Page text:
Updated May 26, 2023
Introduction to Henry Ford Museum
The Henry Ford Museum is a remarkable treasure of American culture. The museum opened in 1929 in the Detroit suburb of Dearborn, Michigan. The Henry Ford Museum of American Innovation is divided into the Indoor section and the open-air Greenfield Village. All the exhibits and items displayed in the museum are arranged in different rooms. The Greenfield Village houses several restored old buildings, including Thomas Edison’s research lab and the Wright Brothers’ airplane workshop. Each show has a detailed description given by the museum guides.
History of Henry Ford Museum
Henry Ford, one of America’s most successful businessmen, gained renown for inventing the assembly line mode of manufacturing, which revolutionized the automobile industry. He had a lifelong passion for collecting and amassing many items, including clocks, machines, and ancient books. As his wealth grew, so did his collection. Ford was interested in acquiring artifacts that portrayed everyday Americans’ stories and showcased America’s technological advancements.
What began as a personal collection got so vast that he had to build a museum to store it. The Edison Institute, named after his idol, debuted in June 1929. It was first opened to the public in 1933 with Henry Ford Museum. The museum continues to attract Americans and now houses a vast collection of 26 million artifacts.
Exhibits in the Henry Ford Museum
The Henry Ford Museum of American Innovation is divided into two exhibition areas. They are:
1. Greenfield Village
In Greenfield Village, the organizers have divided into seven outdoor zones that consist of reconstructed and restored historic buildings from various locations across the country. They relocated nearly a hundred ancient buildings from their original sites and placed them within the “village” environment of Greenfield Village. The museum’s goal is to depict how Americans have lived and worked since the nation’s birth, and the Village contains structures from the 17th to the present day.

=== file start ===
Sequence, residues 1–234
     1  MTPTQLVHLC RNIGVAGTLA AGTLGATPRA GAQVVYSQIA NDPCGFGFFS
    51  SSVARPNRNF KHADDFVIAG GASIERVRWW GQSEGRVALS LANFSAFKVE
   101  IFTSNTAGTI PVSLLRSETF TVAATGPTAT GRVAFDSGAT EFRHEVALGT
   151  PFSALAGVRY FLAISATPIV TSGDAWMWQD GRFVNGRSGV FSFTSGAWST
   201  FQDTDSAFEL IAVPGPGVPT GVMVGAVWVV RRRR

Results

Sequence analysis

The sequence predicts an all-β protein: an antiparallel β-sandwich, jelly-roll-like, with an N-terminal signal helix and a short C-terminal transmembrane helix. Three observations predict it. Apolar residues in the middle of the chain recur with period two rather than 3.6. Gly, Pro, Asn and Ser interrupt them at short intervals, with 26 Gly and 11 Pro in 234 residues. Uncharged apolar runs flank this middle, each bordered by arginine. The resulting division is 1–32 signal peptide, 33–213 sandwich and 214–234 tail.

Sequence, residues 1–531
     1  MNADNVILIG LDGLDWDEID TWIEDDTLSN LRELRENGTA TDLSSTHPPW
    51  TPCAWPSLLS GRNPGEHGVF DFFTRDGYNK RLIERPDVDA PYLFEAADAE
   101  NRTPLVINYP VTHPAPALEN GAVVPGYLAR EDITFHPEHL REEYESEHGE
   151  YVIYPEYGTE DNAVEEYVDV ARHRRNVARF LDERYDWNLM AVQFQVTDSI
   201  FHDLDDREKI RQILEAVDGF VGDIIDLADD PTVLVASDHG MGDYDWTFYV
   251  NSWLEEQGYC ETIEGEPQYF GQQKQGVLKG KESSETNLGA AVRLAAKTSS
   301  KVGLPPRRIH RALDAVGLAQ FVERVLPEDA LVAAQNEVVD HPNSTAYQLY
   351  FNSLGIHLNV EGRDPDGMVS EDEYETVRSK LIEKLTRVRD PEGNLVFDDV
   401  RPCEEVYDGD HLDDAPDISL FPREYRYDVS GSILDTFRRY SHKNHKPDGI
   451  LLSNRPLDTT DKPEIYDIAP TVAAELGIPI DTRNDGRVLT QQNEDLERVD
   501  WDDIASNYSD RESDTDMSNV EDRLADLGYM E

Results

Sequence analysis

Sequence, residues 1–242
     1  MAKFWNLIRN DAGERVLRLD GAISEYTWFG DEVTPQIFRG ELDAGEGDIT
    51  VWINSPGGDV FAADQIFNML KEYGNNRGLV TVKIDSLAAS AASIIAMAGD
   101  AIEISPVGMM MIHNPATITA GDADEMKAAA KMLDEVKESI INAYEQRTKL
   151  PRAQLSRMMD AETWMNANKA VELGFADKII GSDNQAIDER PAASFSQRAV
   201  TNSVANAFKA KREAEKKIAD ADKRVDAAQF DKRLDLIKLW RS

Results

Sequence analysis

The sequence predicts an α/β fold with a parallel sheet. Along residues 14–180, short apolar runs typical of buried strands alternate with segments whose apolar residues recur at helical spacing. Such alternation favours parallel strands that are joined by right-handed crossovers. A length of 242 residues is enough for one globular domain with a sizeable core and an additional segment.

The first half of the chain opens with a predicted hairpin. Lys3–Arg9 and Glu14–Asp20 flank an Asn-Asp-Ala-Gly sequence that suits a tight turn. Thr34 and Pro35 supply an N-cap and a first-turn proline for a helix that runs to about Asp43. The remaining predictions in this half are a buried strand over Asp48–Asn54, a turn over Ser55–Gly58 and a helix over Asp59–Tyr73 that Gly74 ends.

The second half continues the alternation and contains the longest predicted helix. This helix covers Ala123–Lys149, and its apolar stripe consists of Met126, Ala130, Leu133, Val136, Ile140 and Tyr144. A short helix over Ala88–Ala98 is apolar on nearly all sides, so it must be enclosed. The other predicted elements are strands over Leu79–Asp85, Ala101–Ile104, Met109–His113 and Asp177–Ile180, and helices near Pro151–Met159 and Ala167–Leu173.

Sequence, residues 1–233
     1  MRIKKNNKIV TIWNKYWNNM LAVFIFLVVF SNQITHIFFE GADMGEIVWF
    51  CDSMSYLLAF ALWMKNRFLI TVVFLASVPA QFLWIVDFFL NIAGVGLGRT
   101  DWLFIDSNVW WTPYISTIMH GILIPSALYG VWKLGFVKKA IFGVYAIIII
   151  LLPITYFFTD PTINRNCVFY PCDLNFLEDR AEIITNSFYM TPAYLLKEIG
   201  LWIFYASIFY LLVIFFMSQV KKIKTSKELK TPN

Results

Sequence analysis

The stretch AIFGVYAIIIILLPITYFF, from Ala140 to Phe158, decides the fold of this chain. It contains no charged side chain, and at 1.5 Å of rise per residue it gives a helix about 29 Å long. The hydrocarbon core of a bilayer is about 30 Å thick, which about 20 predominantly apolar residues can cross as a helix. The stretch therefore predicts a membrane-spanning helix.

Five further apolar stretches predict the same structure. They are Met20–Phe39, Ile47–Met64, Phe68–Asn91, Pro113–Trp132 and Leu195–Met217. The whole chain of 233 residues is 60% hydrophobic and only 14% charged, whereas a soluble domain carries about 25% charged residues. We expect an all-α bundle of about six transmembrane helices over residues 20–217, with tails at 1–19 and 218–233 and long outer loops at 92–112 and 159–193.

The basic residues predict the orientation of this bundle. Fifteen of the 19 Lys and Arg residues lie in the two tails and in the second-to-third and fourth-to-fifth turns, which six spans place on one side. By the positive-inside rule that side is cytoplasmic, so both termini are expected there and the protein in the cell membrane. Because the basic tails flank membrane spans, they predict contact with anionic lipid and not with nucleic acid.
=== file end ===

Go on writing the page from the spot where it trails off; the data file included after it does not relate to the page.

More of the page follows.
The various exhibits here include:
- Noah Webster’s Connecticut residence functioned as a hostel for Yale scholars from 1918 until 1936, when Henry Ford purchased it and relocated it to Greenfield Village, where it was renovated.
- Replica of Thomas Edison’s Menlo Park research lab: They took inspiration from Edison’s New Jersey lab and commenced the restoration of the structures in 1928. The design of the buildings was based on precise foundation dimensions from the original site.
- The Wright Brothers’ workshop: Henry Ford purchased and relocated the Wright Brothers’ workshop and residence from Dayton, Ohio, in 1937.
- The Cape Cod Windmill: Also recognized as the Farris mill, the Cape Cod windmill is one of America’s oldest windmills. Before being given to Henry Ford by the Ford Dealers Association and restored in Greenfield Village in 1936, it underwent multiple relocations across Cape Cod.
- Henry Ford’s birth home was relocated 1944 from Greenfield and Ford roads. Henry Ford had it equipped just as his mother had it in her time.
2. The Indoor Henry Ford Museum of American Innovation
The Indoor portion exhibits a variety of artifacts. Most of these are associated with famous American personalities or historical events in America.
The exhibits here include:
- With Liberty and Justice For All: This iconic exhibit showcases incredible artifacts, including Abraham Lincoln’s assassination chair, the presidential limo in which Kennedy was killed, and the bus Rosa Parks refused to give up her seat.
- Driving America: Some of the oldest American cars, including the 1865 Roper and a hybrid 2002 Prius, are displayed here.
- Railroads: Railroads displays the history of railways in the US. Some of the iconic displays here include the Allegheny Locomotive and Fairlane Railcar.
- What we wore: Witness the wide range of clothing and accessories owned by Henry Ford and the exciting stories behind every clothing item.
The museum guides at the Henry Ford Museum of Innovation dress in costumes and actively engage visitors with detailed descriptions of all the exhibits. You can also watch an 1867 baseball game, drive a Model T vehicle, or register in a one-room, 1870s-style classroom within the museum.
The Henry Ford Museum of American Innovation brings visitors face to face with America’s creativity and culture over the years. The Henry Ford Museum, a National Historic Landmark with an extraordinary collection of artifacts spanning 300 years of American history, is a driving force in stimulating curiosity and motivating the youth and tomorrow’s innovators.